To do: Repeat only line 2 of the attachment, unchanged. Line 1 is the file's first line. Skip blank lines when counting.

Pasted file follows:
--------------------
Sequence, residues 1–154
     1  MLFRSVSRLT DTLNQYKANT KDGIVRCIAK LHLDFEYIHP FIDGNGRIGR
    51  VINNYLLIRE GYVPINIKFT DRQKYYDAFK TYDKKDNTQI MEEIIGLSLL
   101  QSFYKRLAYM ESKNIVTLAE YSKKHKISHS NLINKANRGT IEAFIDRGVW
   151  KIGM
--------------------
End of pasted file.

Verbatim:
     1  MLFRSVSRLT DTLNQYKANT KDGIVRCIAK LHLDFEYIHP FIDGNGRIGR